Mainstream Austen scholars have long been aware of the Austen family’s love of word games, such as charades, poems in which every line ends on the same rhyme, etc.---and Jane Austen’s especially active participation in that family tradition, with its decidedly female slant, is also well recognized. In addition, letter writing was the lifeblood of female communication at a distance in JA’s world---she lived her entire life with her sister Cassandra, and ¾ of her surviving 154 letters were written to Cassandra while they were apart; but she also had numerous, mostly female correspondents, including several of her nieces. And one finds scattered through her letters that same love of wordplay. One letter in particular, to her young niece Cassy, sending new years wishes, stands out as an example of the linguistic bond that Jane created and maintained with females close to her, using a form of “gibberish”, i.e., backwards writing:

I hsiw uoy a yppah wen raey. Ruoy xis snisuoc emac ereh yadretsey, dna dah hcae a eceip of ekac. Siht si elttil Yssac's yadhtrib, dna ehs si eerht sraey dlo. Knarf sah nugeb gninrael Nital. Ew deef eht Nibor yreve gninrom. Yllas netfo seriuqne retfa uoy. Yllas Mahneb sah tog a wen neerg nwog. Teirrah Thgink semoc yreve yad ot daer ot Tnua Ardnassac. Doog eyb, ym raed Yssac.
Tnua Ardnassac sdnes reh tseb evol, dna os ew od lla.
Ruoy etanoitceffa Tnua, ENAJ NETSUA.
Notwahc: Naj. 8.

But these examples from JA’s private writings only scratch the surface of the myriad ways in which Jane Austen, as a mature novelist, developed an elaborate linguistic system in her fiction, for the purpose of conveying secret meaning intelligible only to readers who understood what I call the Jane Austen Code. It’s not girlish gibberish like Weiss described in her article, but in some ways it serves a strikingly similar purpose, in particular communicating private sensitive information secretly and safely.

You need only browse anywhere in my blog to find a thousand examples large and small that illustrate how Jane Austen, in each of her six novels, managed to tell two different, coherent stories using the same words—more specifically, that behind the overt meaning that is accessible via a trusting, passive reading of her novels, she hid a shadow story that could only be accessed by readers who were well versed in reading against the grain, and could “print out” the alternative meanings hidden on every page. And as a giant wink as to all of this anamorphism, Jane Austen placed at the center of Emma the charade with more than one answer, which is also the acrostic that Mrs. Elton mentions.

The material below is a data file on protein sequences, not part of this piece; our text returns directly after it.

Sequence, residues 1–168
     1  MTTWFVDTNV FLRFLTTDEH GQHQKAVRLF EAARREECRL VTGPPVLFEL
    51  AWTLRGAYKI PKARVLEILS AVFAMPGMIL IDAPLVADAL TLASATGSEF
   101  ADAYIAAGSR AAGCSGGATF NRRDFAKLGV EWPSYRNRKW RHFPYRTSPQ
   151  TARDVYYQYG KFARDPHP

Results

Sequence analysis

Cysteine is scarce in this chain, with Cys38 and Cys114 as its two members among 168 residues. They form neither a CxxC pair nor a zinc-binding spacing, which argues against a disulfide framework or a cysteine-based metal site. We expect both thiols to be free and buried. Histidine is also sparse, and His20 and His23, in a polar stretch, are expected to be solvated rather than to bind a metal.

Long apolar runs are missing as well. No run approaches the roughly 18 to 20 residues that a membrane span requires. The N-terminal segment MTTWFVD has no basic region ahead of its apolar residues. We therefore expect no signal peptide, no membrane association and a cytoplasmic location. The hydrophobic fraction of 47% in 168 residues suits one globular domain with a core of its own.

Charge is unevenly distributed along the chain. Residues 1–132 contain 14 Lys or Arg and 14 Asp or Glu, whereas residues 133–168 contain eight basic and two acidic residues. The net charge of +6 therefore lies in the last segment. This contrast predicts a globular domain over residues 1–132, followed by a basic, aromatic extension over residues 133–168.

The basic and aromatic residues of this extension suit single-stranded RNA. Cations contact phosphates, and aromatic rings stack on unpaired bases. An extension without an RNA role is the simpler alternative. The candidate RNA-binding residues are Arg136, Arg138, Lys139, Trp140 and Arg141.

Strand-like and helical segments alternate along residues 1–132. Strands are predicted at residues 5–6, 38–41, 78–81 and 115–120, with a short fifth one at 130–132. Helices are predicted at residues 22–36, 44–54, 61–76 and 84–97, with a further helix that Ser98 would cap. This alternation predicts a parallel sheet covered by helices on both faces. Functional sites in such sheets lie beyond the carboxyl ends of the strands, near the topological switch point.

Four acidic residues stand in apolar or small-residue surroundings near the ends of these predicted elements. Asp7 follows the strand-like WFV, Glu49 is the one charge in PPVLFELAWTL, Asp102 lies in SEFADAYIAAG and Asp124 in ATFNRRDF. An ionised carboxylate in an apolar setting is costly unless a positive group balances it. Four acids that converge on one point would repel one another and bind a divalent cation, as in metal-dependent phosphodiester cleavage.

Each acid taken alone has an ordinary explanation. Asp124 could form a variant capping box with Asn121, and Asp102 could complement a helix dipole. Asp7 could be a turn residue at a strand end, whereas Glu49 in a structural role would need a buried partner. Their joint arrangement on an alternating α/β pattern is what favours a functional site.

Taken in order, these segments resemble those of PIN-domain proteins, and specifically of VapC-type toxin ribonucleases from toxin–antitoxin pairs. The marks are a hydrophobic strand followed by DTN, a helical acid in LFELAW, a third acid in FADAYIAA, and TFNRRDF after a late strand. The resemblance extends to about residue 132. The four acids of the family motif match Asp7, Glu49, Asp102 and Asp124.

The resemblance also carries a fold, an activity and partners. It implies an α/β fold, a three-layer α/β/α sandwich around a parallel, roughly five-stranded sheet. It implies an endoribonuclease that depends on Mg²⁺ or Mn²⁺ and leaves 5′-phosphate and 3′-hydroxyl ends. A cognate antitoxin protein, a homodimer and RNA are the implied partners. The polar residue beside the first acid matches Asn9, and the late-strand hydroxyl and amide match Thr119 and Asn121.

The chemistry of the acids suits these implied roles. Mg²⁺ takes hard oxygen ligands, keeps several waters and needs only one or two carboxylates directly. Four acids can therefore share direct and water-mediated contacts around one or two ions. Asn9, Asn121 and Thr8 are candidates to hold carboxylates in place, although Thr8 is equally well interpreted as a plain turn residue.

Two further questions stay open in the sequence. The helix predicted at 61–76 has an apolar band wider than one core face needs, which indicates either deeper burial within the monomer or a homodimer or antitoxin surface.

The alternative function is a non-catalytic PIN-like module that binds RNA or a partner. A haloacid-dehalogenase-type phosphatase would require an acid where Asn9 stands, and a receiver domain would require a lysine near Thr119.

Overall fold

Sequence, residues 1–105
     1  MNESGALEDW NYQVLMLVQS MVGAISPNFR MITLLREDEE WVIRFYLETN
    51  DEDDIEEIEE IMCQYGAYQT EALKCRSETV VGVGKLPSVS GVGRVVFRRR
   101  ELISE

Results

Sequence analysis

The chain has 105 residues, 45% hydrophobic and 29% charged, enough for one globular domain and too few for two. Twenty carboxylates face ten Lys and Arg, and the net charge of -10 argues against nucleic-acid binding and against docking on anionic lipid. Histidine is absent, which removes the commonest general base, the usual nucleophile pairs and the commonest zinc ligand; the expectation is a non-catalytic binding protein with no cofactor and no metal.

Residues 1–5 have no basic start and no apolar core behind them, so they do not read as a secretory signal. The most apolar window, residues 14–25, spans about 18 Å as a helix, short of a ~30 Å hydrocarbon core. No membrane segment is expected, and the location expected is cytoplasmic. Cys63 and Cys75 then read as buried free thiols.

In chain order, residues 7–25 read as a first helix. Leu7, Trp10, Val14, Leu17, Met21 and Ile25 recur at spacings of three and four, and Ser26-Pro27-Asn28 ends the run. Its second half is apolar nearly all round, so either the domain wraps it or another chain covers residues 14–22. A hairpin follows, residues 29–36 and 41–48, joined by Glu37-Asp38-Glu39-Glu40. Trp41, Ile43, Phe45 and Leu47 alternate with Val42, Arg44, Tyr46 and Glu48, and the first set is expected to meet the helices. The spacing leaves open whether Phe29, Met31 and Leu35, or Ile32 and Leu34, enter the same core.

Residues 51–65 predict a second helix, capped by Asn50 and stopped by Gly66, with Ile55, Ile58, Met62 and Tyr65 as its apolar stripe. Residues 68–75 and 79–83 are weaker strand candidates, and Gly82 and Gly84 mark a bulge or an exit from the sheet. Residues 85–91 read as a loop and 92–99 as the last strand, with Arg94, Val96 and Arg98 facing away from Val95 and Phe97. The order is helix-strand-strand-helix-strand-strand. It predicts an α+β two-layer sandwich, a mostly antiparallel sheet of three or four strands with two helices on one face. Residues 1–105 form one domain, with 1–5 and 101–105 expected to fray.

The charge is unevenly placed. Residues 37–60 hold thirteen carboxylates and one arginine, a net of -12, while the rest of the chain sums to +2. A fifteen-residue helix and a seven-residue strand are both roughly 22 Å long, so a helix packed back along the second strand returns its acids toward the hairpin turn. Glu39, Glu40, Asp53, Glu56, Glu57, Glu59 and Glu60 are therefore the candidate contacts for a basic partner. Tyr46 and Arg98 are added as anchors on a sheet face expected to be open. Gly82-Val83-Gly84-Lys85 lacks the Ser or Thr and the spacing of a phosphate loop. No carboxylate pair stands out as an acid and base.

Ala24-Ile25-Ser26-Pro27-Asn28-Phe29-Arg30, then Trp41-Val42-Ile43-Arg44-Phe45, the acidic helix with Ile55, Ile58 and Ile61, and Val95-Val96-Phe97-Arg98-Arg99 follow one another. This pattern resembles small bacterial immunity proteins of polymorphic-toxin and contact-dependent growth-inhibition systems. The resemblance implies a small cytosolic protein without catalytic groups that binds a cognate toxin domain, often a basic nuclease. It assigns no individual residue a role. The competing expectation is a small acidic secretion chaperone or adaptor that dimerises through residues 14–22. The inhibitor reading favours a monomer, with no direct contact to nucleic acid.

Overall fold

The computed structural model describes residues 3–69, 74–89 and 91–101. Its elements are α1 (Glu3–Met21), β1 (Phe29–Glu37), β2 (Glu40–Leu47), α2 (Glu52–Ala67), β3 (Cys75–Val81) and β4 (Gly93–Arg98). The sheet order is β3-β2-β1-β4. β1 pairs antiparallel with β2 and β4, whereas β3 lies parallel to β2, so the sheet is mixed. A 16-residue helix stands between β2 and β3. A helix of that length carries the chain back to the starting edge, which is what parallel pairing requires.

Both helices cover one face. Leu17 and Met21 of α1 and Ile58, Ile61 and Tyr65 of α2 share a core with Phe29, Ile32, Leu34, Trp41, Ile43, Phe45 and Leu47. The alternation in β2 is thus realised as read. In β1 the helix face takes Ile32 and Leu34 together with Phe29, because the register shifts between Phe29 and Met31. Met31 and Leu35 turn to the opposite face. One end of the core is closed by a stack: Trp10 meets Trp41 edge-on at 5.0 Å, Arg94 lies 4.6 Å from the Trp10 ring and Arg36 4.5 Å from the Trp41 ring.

And what is most similar in JA’s fiction to the female-centric intimate friendship served by coded gibberish, is that, just as Weiss and the girls (and other marginalized speakers) she describes in her article were telling secret stories to each other in a safe “secure” code, so too was JA the novelist telling female stories to other females, stories which had always been relegated to the shadows in the intensely sexist society she grew up in, and which could not be told overtly without genuine risk of detection and retribution.

It has long been clear to me that the primary reason why Jane Austen created an anamorphic, ambiguous structure for her novels, was in order to tell her radically feminist shadow stories to the readers who would be most attuned to reading the “lines beneath the words” (as Lydia Bennet puts it), and who were most in need of Austen’s fierce, brilliant wisdom –other women!

Weiss pointed us to the untold story of  girls sharing secrets one-to-one, but Jane Austen had much bigger fish to fry---she was tapping into the ancient linguistic channels that female human beings have always used to secretly communicate with each other - JA just found a way to do it from her quill point to the eyes of millions of her "sisters", unlimited by distance in time and space.

So, three cheers for Jane Austen! Or should I rather have put it, three cheers for “Jidiganidige

Cheers, ARNIE
@JaneAustenCode on Twitter